Some critics of diversity initiatives contend that statistics on promotion rates may not tell the whole story, especially when it comes to women in the workplace. Although women tend to advance in their careers at a slower pace than men, and the gender pay gap widens as women are promoted up the career ladder, critics argue that the difference should not be attributed to women facing discrimination and barriers to advancement. Instead, they claim that many women make choices that negatively affect their career trajectories because they prioritize family and household responsibilities or seek a better work-life balance. To support women’s role in the workplace and improve gender diversity, experts recommend parental-leave policies for both women and men as well as systems to help support and educate managers and staff about parental leave.

Do you agree with critics of workplace diversity initiatives that such programs are a form of reverse discrimination? Why or why not?
What steps, if any, should companies take to create work environments in which all workers feel included and safe?
In your opinion, could the conditions created by COVID-19 pandemic measures have a positive impact on disability inclusion in the workplace? Explain your reasoning.


In 2020 the novel coronavirus (COVID-19) pandemic pushed a larger portion of the population to work remotely and led to layoffs in many industries. May 2020 research by McKinsey & Company explored whether inclusion and diversity efforts would be deprioritized by organizations during the crisis. McKinsey research found that seven million jobs held by Black Americans were threatened by temporary furloughs, layoffs, or reductions in hours or pay during the crisis. Women were also at a higher risk of suspensions, layoffs, or reduced hours during the pandemic. Women were more likely than men to take time off from work or leave their position during the pandemic because of the need to take care of children and other family members.

However, the pandemic forced many companies to take measures to be more accommodating to the diverse needs of their employees. For example, some companies began offering more flexible work schedules and virtual work options. The expansion of remote work and virtual recruiting improved accessibility for job seekers with disabilities, which could lead to more disability inclusion in the workplace.

The police killing of George Floyd in May 2020 sparked nationwide protests about police brutality and racial inequality. In response, many US companies announced new diversity initiatives and many pledged to make their office cultures more inclusive. For example, Adidas pledged that it would fill at least 30 percent of its open positions with Black or Latinx candidates. Similarly, Estée Lauder pledged to make the percentage of Black employees in its company match the percentage of Black Americans in the US population.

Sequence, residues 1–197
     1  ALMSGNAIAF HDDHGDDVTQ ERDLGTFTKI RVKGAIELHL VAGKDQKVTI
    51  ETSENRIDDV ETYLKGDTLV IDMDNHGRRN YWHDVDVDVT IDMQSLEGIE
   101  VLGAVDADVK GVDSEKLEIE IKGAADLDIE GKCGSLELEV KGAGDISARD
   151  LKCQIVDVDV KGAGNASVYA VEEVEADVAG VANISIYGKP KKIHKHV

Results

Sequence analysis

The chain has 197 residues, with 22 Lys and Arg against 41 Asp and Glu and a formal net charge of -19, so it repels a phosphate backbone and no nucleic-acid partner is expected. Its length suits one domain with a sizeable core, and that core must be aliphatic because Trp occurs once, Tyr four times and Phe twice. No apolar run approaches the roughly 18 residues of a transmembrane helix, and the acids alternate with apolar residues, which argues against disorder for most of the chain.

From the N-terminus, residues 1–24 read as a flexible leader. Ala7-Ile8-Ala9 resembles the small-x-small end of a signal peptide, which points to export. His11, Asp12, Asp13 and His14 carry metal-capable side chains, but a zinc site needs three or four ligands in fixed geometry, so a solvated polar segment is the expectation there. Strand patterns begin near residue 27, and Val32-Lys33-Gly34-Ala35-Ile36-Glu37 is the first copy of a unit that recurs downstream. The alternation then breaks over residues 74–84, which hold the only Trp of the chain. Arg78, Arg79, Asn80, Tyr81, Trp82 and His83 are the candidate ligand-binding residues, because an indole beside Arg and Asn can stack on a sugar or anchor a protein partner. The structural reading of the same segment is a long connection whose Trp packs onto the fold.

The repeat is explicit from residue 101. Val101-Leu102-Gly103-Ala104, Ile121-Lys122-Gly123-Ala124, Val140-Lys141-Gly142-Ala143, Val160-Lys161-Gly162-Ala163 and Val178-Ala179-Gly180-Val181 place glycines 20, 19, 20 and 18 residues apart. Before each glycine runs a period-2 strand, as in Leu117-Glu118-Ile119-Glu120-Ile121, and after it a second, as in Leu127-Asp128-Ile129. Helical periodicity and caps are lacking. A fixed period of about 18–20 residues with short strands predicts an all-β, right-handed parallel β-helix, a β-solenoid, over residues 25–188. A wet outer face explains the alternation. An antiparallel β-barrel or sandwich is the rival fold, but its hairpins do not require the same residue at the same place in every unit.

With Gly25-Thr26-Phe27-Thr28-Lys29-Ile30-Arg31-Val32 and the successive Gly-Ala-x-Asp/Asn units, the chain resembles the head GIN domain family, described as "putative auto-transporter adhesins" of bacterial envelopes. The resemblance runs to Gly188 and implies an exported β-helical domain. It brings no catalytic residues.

Government Stimulus Packages

What is Government Stimulus Packages?

In times of economic crisis, the United States government may use a variety of stimulus techniques to improve the economy and support struggling businesses and citizens. Stimuli can come in different forms, including tax credits, lower interest rates, or direct monetary payments.

Government economic stimulus programs are often controversial. They usually represent a significant expenditure on short notice, which requires that the government borrow money and increase the national debt. Some economic theorists and politicians also believe that business is a matter of “survival of the fittest” and that failing banks and businesses should be allowed to go under. However, others argue that the fallout from such failures causes too much financial pain and disruption to the many people who lose their jobs, savings, and homes in the process, and that the government should cushion these blows and reduce the effects of massive economic disruptions.

In March of 2020, the US Congress passed the largest economic stimulus package in American history in response to economic disruption caused by the novel coronavirus disease 2019 (COVID-19) pandemic.



Government stimulus packages allow essential businesses to continue to provide needed services without interruption. These companies can be protected from unforeseen financial calamity.
Providing companies with loans and other financial support during economic crisis allows them to retain workers. Without this support, these workers could be laid off and become dependent on state services.
During a crisis, obstacles can emerge that prevent the efficient flow of money and other capital, creating additional financial strain. Government stimulus packages may help maintain capital flow.


Government bailouts require ordinary taxpayers to subsidize the failings of wealthy corporations. Company executives often use these funds to enrich themselves.
Companies that are not managed efficiently enough to survive an economic crisis are weak. By receiving government support and remaining in the market, they are preventing superiorly managed companies from assuming their rightful place.
Government support for companies during economic crisis may lead to inefficient state-run industries, placing them in the hands of government officials who may be motivated by politics.


The US economy experiences regular cycles of expansion and contraction. During a period of negative growth, demand for goods and services falls as consumers and businesses cut back spending. Businesses may stop hiring, lay off employees, or go bankrupt and close. People spend less as they become unemployed, work for reduced wages, or are nervous about job loss. An economic downturn affects the entire supply chain: lower sales lead to production cutbacks by manufacturers, who buy fewer raw materials. If price and wage decreases do not improve spending and hiring, the downturn can become a deflationary spiral.